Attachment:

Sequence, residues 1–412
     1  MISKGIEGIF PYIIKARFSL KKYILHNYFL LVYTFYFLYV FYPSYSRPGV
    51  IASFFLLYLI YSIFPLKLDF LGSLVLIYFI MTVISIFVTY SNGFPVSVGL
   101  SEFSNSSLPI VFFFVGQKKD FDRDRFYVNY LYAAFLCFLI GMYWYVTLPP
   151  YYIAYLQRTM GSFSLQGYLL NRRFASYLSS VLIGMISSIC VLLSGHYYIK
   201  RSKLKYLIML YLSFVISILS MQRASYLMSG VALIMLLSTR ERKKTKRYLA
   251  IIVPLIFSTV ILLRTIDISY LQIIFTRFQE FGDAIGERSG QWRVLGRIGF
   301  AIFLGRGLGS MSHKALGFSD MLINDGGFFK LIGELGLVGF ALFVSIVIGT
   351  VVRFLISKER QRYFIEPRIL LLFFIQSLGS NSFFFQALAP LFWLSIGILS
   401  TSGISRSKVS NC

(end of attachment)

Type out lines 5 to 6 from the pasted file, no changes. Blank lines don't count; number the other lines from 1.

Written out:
   151  YYIAYLQRTM GSFSLQGYLL NRRFASYLSS VLIGMISSIC VLLSGHYYIK
   201  RSKLKYLIML YLSFVISILS MQRASYLMSG VALIMLLSTR ERKKTKRYLA